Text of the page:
4. Bulk Payments and the DFS Ecosystem: Government-to-person and Employer-to-person payments of all sorts, often referred to as 'bulk payments', are seen as key enablers for growth of the DFS ecosystem. This report analyses the remaining challenges which have hindered bulk payment rollouts in many countries and proposes a model of how bulk payments could be effected when certain conditions are met.
    5. Impact of Agricultural Value Chains on Digital Liquidity: As agriculture is critical to alleviating poverty in developing countries, mostly through commercial value chains, this report analyses whether eMoney will improve digital liquidity for small farmer holders. The report concludes that even if eMoney within value chains will not materially impact digital liquidity, eMoney is still valuable. 
    6. The Impact of social networks on Digital Liquidity: Even if social network adoption grows, the commercial aspects won't materialize for the poor without financial inclusion. As it remains a challenge for policy makers to on one hand encourage the adoption of social network, and on the other hand protect the consumers, this report lays out different policy considerations that can guide regulators when developing new policies around this issue.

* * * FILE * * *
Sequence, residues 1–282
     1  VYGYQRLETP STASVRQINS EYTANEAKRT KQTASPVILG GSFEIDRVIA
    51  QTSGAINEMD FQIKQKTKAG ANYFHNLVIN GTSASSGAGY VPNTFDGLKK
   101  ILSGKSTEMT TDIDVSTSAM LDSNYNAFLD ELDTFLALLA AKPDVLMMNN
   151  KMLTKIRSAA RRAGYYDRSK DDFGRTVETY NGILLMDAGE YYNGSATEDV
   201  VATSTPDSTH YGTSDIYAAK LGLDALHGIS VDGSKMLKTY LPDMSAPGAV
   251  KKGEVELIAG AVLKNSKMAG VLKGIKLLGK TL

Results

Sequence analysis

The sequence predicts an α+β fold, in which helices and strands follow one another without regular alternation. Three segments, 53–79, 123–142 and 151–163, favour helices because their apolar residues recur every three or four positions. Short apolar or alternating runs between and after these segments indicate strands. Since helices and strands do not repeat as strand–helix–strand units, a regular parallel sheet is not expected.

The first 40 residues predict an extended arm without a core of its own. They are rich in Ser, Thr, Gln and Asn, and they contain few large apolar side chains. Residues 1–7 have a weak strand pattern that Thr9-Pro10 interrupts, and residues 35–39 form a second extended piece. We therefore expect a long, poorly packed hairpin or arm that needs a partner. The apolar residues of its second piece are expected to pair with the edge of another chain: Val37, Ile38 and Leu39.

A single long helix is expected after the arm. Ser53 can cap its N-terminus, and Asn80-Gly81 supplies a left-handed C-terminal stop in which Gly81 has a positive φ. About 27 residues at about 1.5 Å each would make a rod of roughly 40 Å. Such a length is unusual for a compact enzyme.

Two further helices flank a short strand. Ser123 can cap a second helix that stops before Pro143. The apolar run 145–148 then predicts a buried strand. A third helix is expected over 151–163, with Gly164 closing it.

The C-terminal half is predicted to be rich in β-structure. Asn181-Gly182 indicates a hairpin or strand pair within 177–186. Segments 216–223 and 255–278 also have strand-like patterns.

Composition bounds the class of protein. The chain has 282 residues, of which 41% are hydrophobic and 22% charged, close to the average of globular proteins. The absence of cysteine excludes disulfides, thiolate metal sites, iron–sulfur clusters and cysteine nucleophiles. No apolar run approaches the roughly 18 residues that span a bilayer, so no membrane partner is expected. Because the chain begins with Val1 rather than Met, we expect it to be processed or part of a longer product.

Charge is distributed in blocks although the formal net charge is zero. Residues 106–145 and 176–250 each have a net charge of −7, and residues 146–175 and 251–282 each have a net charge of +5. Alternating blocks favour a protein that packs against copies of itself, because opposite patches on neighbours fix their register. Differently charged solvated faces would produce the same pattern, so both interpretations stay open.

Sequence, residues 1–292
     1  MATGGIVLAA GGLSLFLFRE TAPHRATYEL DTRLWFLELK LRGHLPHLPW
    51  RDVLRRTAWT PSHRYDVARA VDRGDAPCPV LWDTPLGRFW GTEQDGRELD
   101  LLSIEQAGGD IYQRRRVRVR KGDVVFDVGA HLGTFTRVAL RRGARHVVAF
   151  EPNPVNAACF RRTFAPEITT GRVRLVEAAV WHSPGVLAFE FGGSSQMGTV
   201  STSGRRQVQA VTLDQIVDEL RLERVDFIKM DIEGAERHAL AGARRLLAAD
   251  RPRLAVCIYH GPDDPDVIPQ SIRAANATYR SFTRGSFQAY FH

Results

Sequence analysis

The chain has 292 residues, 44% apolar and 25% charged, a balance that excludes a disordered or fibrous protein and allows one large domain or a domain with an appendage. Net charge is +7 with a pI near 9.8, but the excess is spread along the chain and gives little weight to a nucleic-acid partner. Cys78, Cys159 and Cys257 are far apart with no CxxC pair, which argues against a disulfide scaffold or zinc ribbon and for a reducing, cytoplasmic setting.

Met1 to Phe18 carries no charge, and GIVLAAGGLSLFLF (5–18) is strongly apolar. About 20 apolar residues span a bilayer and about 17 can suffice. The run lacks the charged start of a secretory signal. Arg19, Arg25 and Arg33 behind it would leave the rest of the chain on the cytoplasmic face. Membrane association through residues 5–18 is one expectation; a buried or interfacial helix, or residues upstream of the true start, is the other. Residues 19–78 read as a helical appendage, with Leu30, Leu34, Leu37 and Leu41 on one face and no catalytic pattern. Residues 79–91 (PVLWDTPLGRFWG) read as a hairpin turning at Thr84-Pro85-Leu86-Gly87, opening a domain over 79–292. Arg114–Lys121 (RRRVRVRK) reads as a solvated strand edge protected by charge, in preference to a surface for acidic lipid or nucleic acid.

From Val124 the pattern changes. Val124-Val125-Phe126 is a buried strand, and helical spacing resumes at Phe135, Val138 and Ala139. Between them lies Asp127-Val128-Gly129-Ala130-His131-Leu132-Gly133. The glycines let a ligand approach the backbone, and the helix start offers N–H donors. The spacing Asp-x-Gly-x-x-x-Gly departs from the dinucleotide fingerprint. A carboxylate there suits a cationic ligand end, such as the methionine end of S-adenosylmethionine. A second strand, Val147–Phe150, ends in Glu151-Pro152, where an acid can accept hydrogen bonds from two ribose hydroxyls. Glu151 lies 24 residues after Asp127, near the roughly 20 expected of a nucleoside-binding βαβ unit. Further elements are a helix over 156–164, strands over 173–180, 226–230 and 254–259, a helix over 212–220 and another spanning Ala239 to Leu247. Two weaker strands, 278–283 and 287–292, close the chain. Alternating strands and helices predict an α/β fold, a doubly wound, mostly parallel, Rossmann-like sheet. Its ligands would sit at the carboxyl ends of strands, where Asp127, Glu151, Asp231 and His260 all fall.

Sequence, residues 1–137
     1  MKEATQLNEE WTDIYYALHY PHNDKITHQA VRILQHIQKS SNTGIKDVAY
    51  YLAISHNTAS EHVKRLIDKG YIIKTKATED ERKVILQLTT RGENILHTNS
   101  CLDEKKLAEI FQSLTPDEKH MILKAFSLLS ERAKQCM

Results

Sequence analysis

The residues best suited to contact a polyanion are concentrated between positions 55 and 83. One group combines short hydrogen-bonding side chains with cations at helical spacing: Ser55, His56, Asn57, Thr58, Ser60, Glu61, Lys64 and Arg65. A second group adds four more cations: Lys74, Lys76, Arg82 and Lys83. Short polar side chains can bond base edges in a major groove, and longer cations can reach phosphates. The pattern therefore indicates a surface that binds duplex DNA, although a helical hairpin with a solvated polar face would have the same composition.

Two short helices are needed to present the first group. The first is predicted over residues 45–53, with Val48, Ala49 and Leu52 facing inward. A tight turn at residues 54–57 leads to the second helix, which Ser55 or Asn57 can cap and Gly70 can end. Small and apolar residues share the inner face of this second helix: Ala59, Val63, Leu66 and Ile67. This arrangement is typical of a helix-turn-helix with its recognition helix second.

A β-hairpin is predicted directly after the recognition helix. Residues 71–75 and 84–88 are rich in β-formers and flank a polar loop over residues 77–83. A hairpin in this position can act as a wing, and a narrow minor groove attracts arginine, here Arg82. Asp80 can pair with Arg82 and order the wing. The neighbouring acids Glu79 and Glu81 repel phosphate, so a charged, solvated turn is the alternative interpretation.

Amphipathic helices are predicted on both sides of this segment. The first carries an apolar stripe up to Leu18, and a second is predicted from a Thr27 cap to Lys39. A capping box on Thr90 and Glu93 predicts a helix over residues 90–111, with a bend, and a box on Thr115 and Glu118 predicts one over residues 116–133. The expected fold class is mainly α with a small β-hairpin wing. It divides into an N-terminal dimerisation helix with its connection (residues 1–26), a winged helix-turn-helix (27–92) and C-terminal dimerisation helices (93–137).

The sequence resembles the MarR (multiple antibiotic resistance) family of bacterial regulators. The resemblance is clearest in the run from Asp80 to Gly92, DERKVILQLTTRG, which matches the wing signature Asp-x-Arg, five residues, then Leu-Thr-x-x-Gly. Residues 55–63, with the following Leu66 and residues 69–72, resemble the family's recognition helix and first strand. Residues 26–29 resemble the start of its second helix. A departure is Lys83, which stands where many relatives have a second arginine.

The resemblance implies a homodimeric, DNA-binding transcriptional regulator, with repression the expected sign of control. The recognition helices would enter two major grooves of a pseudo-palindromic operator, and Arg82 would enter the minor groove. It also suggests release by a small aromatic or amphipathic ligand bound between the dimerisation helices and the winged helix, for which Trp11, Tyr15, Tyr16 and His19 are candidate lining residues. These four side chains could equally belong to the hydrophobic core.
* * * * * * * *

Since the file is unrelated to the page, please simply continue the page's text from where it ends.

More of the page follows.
7. Payment System Oversight and Interoperability: Payment system oversight is about controlling risk in payment systems and promoting payment infrastructure. As interoperability represents both an important feature of payment system efficiency and, at the same time, an important source of risk, this report describes the foundations of payment system oversight, and considers how oversight policy should apply to interoperability in payment systems.
    8. Payment System Interoperability and Oversight: The International Dimension: approaches the issue of interoperability and central bank oversight of payments from an international perspective. As the interlinking of national payment system infrastructure (PSIs) and their interoperability represent important fundamentals for economic and financial development and bring potential significant risk, the report considers the implication of PSI interlinking and international interoperability for central bank oversight policy, and elaborates a set of principles that complements those developed in the companion report.